Calanus sinicus was first described by Brodsky [19], although lack of a type locality and type specimen caused it to become a nomen nudum. A new diagnostic of the species was made with the type locality identified as Tsindao, Yellow Sea [20]. The species distribution includes the South and East China Sea, Yellow Sea, Bohai Sea and the Sea of Japan [20], [21], [22]. Reproduction of C. sinicus occurs year-round in the Sea of Japan, reaching a maximum reproductive rate between June and August depending on the region [23], [24].

Comparison of descriptions made by Hulsemann [20] and DeDecker et al. [16] reveals similarities in several morphological features. Adult females share similar averages in body length, 2.73 mm for C. agulhensis and 2.95 mm for C. sinicus. The first antenna for C. agulhensis reaches beyond the furcal rami by one segment, while C. sinicus reaches beyond the furcal rami by one or two segments. Genital segments for both are described as being as long as they are broad. Both species average 18 teeth on the inner segment of leg V for adult males. The heads also show similarities such as an anterior bulge dorsal of the rostral attachments. Other comparisons were difficult to make because of a lack of descriptive standards and physical analyses. DeDecker et al. [16] chose to do a full description of both the males and females, however leaving out pore signatures. Hulsemann [20] chose to analyze differences between C. sinicus and C. joshnovi to give recognition to C. sinicus as a species, leaving out a full description and focusing largely on pore signatures. Additional morphological comparisons may be required (B.W. Frost, Univ. Washington, pers. comm.).

The sibling species C. agulhensis and C. sinicus are continental shelf species that prosper in mid-shelf ecosystems [9]. These areas are characterized by moderate temperatures, with optimal food supply and water depth. Both species are integral members of the zooplankton because of their large size, abundance and role as secondary producers for important commercial fish species [23], [25]. Calanus agulhensis is a major prey species for anchovy, pilchard, herring, hake and horse mackerel; it is estimated that the species makes up to 60% of the diet of round herring, while C. sinicus is a major prey species for anchovies, sardine, and sand eels [22].

The coastal ocean regions surrounding South Africa and Japan have similarly dynamic hydrography. The Benguela Current and western Agulhas Bank regions are characterized by seasonal winds and current-driven coastal upwelling [26], [27]. The North Pacific western boundary current influences coastal areas to the east of Japan: the Kii Channel and Sagami Bay exhibit estuarine upwelling and micro-scale upwelling plumes, respectively [22], [27][29]. These dynamic physical processes throughout the species' ranges highlight their shared ability to resist advection and establish populations in the most advantageous regions [9], [19].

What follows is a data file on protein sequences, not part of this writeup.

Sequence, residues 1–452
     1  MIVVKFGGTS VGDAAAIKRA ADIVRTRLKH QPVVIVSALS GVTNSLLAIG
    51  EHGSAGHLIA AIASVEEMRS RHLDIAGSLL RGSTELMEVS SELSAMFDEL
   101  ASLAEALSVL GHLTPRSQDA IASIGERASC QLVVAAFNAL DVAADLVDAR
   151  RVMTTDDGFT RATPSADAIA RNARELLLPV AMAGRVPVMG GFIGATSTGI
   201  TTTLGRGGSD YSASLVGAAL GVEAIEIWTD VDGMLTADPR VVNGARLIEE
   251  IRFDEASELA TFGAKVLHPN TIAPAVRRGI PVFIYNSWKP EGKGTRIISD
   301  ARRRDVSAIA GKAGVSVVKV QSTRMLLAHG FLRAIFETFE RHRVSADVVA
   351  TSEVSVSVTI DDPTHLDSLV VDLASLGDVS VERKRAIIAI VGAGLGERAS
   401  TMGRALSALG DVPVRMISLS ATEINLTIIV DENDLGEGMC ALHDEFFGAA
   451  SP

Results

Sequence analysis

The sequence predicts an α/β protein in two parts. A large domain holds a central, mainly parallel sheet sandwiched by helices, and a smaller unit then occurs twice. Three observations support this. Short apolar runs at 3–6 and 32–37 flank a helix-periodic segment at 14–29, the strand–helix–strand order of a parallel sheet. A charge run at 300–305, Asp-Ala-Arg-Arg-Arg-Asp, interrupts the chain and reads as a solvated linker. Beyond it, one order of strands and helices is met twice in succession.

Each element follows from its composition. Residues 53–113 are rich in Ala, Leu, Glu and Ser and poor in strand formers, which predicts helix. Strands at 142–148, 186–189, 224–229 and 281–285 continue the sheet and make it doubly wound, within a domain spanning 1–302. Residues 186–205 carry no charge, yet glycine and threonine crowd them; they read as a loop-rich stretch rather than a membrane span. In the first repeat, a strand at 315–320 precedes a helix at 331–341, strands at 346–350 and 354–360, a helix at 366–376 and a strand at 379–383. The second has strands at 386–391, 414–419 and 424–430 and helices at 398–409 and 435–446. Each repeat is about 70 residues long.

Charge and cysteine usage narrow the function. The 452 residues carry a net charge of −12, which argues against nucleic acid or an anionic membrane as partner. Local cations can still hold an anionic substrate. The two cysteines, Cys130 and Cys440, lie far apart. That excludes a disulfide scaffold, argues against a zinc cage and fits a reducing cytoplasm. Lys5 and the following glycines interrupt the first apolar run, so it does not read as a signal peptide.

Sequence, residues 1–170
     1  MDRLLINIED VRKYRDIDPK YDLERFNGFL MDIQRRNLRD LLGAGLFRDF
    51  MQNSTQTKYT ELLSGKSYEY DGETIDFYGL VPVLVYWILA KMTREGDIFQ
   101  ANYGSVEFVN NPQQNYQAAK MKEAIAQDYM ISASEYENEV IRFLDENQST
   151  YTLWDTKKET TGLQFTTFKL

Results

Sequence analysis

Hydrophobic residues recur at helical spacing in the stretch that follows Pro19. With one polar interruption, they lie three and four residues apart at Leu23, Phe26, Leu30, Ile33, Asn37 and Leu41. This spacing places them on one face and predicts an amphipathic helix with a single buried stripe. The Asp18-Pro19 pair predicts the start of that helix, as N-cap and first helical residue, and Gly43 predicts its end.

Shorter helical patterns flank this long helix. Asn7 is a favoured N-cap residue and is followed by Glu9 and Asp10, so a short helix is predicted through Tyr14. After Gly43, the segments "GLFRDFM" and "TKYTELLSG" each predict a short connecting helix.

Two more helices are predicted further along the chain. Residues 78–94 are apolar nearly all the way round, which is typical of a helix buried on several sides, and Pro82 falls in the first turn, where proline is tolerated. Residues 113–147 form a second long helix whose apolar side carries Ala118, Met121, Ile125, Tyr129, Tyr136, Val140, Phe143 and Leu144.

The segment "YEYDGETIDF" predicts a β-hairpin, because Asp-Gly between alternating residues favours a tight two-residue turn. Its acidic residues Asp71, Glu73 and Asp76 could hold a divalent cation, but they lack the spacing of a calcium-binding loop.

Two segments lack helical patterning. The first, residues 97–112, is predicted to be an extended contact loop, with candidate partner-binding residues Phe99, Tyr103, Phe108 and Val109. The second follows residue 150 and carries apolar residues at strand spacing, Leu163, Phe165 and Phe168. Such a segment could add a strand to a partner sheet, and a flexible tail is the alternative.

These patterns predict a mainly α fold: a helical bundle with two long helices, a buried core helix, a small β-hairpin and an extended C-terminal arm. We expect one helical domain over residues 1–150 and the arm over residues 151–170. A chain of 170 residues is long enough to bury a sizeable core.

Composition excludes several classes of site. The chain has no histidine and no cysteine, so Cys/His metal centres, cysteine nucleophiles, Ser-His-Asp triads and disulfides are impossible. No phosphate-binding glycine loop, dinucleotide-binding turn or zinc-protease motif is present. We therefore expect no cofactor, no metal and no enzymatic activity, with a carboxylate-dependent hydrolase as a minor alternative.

Molecular systematic analysis

The taxonomic and systematic relationships among Calanus species have been examined using molecular characters [9], [30][33]. Dates of evolutionary divergence among the species, once considered to be on the order of tens or hundreds of thousands of years [13], [34], have been estimated to be on the order of tens of millions of years [31].

Despite the morphological similarity, overlapping ranges, and circumglobal distributions of many species, DNA sequence variation of diverse gene regions has been shown to correctly identify and discriminate species of copepods [7], [35][39], [40], including most species of Calanus [30][32], [41], [42]. An exception is the lack of significant divergence between C. helgolandicus and C. euxinus, which has called into question their status as distinct species [33], [43].

Analysis of multiple gene regions is critical for accurate resolution of species relationships; the selection of markers with diverse evolutionary drivers is particularly important [41], [44][46]. In this study, we analyzed the taxonomic relationship between two sibling species, C. agulhensis and C. sinicus, based on DNA sequences for portions of three genes: mitochondrial cytochrome c oxidase subunit I (mtCOI), citrate synthase (CS), and nuclear large subunit (28S) rRNA. MtCOI – especially the so-called “barcode region” [47] – exhibits useful patterns of inter- and intraspecific variation for diagnostic analysis of evolutionary relationships among congeneric species of many metazoans [48], [49], including calanoid copepods [41]. MtCOI has also been used to examine population genetic structure of several species of Calanus, including: C. helgolandicus [33] C. pacificus [50], and C. sinicus [51]. The nuclear gene CS was selected to provide a diploid marker for better resolution of breeding patterns, including possible interbreeding and hybridization, among the closely-related species. CS has also been used to discern significant intraspecific variation of C. finmarchicus in the N. Atlantic Ocean [46]. Although it is less reliable as a diagnostic tool at the species level, the slowly-evolving 28S rRNA gene was chosen to better resolve the deeper branches between selected species of the two sibling species groups of Calanus. This gene has previously been used as a reliable comparative and “support” gene for mtCOI analyses [52], [53]. The combined use of DNA sequences for mitochondrial and nuclear protein-coding genes and a nuclear rRNA gene provides us with a broad genetic spectrum for analysis of evolutionary and taxonomic relationships among species of this challenging copepod genus.